Context: Written by Dennis DeYoung of the band Styx in 1979, performed for first time on tour in 1983. It was recorded on the album Kilroy Was Here, and tells part of the story of Robert Orin Charles Kilroy (ROCK), in the rock opera Kilroy Was Here. The song is performed by Kilroy (as played by keyboardist Dennis DeYoung), a rock and roll performer who was placed in a futuristic prison for “rock and roll misfits” by the anti-rock-and-roll group the Majority for Musical Morality and its founder Dr. Everett Righteous (played by guitarist James Young). The Roboto is a model of robot which does menial jobs in the prison. Kilroy escapes the prison by overpowering a Roboto prison guard and hiding inside its emptied-out metal shell. When Jonathan Chance finally meets Kilroy, at the very end of the song, Kilroy unmasks and says, I’m Kilroy! Kilroy!, ending the song.

Form: intro, bridge , verse 1, verse 2, bridge, chorus, bridge, outro verse/outro.

Texture: Homophonic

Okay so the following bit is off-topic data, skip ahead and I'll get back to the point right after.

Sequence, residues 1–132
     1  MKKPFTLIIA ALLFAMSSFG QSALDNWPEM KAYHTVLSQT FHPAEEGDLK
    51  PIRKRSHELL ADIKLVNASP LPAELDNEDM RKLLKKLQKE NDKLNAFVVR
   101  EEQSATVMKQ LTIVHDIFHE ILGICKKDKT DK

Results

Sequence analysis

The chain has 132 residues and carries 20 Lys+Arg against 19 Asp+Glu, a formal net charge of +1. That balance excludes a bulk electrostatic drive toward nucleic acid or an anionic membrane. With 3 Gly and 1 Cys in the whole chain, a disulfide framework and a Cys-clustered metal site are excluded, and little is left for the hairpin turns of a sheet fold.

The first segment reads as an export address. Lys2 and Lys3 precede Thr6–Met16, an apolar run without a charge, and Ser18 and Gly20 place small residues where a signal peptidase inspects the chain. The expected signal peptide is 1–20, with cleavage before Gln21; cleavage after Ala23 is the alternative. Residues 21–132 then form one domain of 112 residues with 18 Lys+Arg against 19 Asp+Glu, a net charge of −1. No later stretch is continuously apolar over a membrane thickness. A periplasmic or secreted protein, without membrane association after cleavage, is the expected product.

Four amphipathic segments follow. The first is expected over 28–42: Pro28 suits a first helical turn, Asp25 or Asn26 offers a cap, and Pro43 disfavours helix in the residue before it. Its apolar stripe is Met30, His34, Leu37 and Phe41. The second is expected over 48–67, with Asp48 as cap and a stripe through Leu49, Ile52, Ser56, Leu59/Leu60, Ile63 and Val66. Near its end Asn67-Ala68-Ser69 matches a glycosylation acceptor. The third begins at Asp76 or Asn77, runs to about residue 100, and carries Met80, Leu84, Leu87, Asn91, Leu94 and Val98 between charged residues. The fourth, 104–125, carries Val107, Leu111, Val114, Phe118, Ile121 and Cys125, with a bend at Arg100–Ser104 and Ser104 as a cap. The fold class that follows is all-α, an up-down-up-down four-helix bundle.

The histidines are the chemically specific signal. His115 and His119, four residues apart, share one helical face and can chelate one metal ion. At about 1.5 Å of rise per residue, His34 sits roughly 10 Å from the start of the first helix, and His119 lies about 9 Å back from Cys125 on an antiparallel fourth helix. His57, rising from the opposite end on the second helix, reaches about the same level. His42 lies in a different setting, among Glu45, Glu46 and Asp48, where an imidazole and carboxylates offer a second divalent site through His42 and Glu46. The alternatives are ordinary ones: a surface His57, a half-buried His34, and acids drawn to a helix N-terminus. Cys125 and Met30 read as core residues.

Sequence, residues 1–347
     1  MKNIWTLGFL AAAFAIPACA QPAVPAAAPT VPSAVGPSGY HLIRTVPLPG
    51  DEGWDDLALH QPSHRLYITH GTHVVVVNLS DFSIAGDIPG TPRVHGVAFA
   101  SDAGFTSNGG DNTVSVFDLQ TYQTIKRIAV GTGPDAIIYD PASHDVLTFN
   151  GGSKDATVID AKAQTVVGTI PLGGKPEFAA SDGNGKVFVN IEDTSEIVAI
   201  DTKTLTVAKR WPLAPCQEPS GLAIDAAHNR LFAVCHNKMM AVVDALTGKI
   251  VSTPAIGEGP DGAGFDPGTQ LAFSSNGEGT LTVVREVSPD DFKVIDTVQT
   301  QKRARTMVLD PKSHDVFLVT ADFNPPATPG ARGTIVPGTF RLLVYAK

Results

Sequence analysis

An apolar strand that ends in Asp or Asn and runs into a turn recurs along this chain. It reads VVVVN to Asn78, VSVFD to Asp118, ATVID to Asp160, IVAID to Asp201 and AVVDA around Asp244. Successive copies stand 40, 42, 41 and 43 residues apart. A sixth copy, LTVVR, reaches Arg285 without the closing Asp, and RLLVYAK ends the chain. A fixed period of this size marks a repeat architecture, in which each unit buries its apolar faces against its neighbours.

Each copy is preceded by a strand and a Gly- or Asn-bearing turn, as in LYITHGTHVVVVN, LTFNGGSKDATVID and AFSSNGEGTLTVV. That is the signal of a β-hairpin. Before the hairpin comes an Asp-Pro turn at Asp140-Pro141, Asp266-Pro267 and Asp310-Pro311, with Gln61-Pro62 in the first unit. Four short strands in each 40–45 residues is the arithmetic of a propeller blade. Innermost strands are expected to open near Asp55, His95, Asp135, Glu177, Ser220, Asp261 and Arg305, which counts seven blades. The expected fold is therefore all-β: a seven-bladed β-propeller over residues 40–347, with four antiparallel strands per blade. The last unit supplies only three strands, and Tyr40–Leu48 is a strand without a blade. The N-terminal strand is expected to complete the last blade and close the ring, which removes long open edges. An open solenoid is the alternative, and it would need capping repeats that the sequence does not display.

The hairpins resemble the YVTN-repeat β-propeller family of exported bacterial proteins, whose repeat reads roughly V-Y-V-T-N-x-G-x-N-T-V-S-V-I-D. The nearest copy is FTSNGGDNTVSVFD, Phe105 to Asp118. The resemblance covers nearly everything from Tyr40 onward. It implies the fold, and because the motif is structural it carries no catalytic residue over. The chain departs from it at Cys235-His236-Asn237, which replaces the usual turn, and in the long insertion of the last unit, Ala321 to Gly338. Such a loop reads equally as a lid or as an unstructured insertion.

Melody: played by synths and electric keyboard. Synths/keyboard and vioce have a call-and-response effect during the bridge.Voice’s call-and-response during verses. Voice is edited to sound robotic throughout the song.

Harmony: Key of F. The robot-like catchphrase was created with a vocoder. The song heavily features the Oberheim OB-Xa and PPG Wave synthesizers. The voices form a counter melody in the chorus.

Rhythm: 4/4 time. No syncopation, keeps a steady beat throughout song.

Sound Quality: Because the song is “synthrock”, there are a lot of synths playing at once, making it hard to identify which is which and how many there may be. And because the voices are edited and played together it makes it sound very robotic and machine like (especially because everything is in unison).

Other: N/A

Jan 30

 

People: What kind of people are in the image? What are they doing, literally?

There’s a man and a woman in business attire. They are just standing around talking to each other.